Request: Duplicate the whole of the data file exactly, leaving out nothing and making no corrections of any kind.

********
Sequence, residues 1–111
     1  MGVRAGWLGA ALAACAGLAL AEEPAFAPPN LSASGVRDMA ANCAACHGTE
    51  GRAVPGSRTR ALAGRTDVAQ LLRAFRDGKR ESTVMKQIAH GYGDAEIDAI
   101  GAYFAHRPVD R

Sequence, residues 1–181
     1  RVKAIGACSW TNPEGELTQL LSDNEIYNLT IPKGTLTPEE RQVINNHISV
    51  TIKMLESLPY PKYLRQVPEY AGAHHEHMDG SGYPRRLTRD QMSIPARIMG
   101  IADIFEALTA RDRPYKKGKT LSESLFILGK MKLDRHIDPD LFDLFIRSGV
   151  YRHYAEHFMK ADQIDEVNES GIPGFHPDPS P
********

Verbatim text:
Sequence, residues 1–111
     1  MGVRAGWLGA ALAACAGLAL AEEPAFAPPN LSASGVRDMA ANCAACHGTE
    51  GRAVPGSRTR ALAGRTDVAQ LLRAFRDGKR ESTVMKQIAH GYGDAEIDAI
   101  GAYFAHRPVD R

Sequence, residues 1–181
     1  RVKAIGACSW TNPEGELTQL LSDNEIYNLT IPKGTLTPEE RQVINNHISV
    51  TIKMLESLPY PKYLRQVPEY AGAHHEHMDG SGYPRRLTRD QMSIPARIMG
   101  IADIFEALTA RDRPYKKGKT LSESLFILGK MKLDRHIDPD LFDLFIRSGV
   151  YRHYAEHFMK ADQIDEVNES GIPGFHPDPS P